• Explain that aid might also come in the form of tied aid.
  • Explain the motivations of economically more developed countries giving aid.
  • Compare and contrast the extent, nature and sources of ODA to two economically less developed countries
Evaluation of foreign aid
  • Evaluate the effectiveness of foreign aid in contributing to economic development.
  • Compare and contrast the roles of aid and trade in economic development.
 The roles of the International Monetary Fund (IMF) and the World Bank
  • Examine the current roles of the IMF and the World Bank in promoting economic development

 

4.7 The Role of International Debt

Subtopic IB Points to Understand (SL and HL unless otherwise noted)
Foreign debt and its consequences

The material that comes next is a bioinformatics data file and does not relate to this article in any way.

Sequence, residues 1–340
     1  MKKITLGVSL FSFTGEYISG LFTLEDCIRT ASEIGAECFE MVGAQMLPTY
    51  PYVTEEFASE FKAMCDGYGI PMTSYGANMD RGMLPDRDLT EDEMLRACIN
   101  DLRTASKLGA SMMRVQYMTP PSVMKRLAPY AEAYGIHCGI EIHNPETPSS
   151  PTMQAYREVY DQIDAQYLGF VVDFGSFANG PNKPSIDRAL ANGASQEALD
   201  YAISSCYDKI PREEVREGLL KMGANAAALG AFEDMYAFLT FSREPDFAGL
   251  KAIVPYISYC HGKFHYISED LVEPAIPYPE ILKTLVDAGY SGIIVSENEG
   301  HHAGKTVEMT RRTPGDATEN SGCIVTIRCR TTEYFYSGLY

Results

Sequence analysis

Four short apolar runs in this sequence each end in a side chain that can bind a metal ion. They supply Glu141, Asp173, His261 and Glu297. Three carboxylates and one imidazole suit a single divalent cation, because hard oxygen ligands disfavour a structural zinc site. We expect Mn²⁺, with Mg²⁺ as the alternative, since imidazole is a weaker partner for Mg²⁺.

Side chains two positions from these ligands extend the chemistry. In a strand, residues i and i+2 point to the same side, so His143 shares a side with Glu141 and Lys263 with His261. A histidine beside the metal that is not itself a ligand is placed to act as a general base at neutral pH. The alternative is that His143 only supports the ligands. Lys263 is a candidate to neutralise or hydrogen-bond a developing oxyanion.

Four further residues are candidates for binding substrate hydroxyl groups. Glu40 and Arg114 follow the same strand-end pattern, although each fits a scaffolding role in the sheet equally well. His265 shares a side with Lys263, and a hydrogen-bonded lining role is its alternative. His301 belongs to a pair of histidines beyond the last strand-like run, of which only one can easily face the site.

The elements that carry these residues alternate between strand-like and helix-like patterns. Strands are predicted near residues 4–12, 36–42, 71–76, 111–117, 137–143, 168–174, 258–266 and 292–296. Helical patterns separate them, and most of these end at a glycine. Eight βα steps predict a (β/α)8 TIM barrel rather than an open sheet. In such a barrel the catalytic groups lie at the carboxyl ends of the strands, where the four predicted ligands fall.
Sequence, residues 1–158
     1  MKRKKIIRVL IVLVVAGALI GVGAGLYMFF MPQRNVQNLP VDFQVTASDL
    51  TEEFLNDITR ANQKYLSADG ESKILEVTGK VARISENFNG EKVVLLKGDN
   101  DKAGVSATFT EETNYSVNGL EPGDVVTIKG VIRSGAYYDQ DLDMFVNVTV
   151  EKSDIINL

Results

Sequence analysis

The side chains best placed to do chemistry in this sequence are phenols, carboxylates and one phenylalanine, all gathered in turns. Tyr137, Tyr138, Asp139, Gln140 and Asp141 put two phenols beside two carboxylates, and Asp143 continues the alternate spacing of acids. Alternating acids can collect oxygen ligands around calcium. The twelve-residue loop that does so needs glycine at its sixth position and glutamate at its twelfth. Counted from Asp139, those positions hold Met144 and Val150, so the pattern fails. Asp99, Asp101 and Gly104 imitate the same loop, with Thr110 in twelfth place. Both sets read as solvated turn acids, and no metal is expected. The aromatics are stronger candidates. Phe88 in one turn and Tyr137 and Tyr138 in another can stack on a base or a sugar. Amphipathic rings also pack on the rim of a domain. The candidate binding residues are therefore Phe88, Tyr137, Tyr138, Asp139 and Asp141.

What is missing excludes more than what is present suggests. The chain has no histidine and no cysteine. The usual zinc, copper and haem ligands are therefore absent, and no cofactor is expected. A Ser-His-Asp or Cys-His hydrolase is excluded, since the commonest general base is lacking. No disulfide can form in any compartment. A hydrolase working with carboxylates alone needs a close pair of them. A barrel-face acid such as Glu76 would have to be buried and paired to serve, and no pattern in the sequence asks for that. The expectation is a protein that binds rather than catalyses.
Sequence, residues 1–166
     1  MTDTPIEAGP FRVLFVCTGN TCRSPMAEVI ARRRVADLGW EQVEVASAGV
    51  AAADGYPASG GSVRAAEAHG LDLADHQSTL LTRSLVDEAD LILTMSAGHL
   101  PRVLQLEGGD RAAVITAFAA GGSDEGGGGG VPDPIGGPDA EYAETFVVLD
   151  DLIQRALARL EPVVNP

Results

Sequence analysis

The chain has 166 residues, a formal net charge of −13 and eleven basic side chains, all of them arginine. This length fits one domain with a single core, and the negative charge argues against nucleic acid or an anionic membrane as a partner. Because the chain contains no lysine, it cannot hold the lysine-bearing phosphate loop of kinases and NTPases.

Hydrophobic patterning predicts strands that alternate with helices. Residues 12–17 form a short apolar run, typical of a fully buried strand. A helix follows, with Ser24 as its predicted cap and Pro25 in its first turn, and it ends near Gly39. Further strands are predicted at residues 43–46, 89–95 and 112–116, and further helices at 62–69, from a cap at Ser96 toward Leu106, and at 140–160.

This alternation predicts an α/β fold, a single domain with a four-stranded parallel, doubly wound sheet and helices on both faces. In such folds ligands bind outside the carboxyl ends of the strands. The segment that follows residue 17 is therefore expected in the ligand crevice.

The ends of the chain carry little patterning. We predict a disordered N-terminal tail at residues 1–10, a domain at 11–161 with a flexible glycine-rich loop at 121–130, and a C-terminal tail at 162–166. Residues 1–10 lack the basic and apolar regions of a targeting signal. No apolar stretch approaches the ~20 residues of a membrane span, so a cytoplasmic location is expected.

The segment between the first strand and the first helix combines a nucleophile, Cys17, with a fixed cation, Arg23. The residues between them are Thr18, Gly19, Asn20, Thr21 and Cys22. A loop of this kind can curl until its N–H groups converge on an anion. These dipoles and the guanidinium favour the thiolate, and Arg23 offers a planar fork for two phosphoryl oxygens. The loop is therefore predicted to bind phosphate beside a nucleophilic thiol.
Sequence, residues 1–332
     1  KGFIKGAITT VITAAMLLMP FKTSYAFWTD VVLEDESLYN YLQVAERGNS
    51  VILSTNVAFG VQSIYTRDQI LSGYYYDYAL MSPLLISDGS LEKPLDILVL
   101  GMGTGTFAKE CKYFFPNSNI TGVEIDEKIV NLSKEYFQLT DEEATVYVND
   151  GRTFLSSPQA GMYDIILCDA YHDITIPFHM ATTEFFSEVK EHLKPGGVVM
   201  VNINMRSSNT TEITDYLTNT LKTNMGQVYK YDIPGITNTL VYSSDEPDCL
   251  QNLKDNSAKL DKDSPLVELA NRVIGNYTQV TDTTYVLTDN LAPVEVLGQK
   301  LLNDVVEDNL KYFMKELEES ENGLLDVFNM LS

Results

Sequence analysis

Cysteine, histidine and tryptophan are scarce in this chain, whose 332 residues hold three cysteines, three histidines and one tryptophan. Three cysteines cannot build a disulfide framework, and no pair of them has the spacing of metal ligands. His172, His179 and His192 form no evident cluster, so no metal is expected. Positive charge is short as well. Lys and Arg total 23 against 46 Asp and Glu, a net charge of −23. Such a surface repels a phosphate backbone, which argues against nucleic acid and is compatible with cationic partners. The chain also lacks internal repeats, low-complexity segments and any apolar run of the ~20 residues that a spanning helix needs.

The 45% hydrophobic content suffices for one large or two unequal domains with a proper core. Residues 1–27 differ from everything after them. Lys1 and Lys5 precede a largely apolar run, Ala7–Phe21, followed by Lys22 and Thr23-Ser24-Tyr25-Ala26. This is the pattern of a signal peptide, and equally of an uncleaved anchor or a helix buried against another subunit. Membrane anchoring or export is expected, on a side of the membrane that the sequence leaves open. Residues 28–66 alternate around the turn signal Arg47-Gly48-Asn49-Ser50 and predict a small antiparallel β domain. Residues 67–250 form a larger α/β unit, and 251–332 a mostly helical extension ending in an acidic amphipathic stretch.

• Outline the meaning of foreign debt and explain why countries borrow from foreign creditors.
  • Explain that in some cases countries have become heavily indebted, requiring rescheduling of the debt payments and/or conditional assistance from international organizations, including the IMF and the World Bank.
  • Explain why the servicing of international debt causes balance of payments problems and has an opportunity cost in terms of foregone spending on development objectives.
  • Explain that the burden of debt has led to pressure to cancel the debt of heavily indebted countries.

 

 

4.8 The Balance Between Markets and Intervention 

Subtopic IB Points to Understand (SL and HL unless otherwise noted)
Strengths of market-oriented policies
  • Discuss the positive outcomes of market-oriented policies (such as liberalized trade and capital flows, privatization and deregulation), including a more efficient allocation of resources and economic growth.
 Weaknesses of market-oriented policies
  • Discuss the negative outcomes of market-oriented strategies, including market failure, the development of a dual economy and income inequalities. 
 Strengths of interventionist policies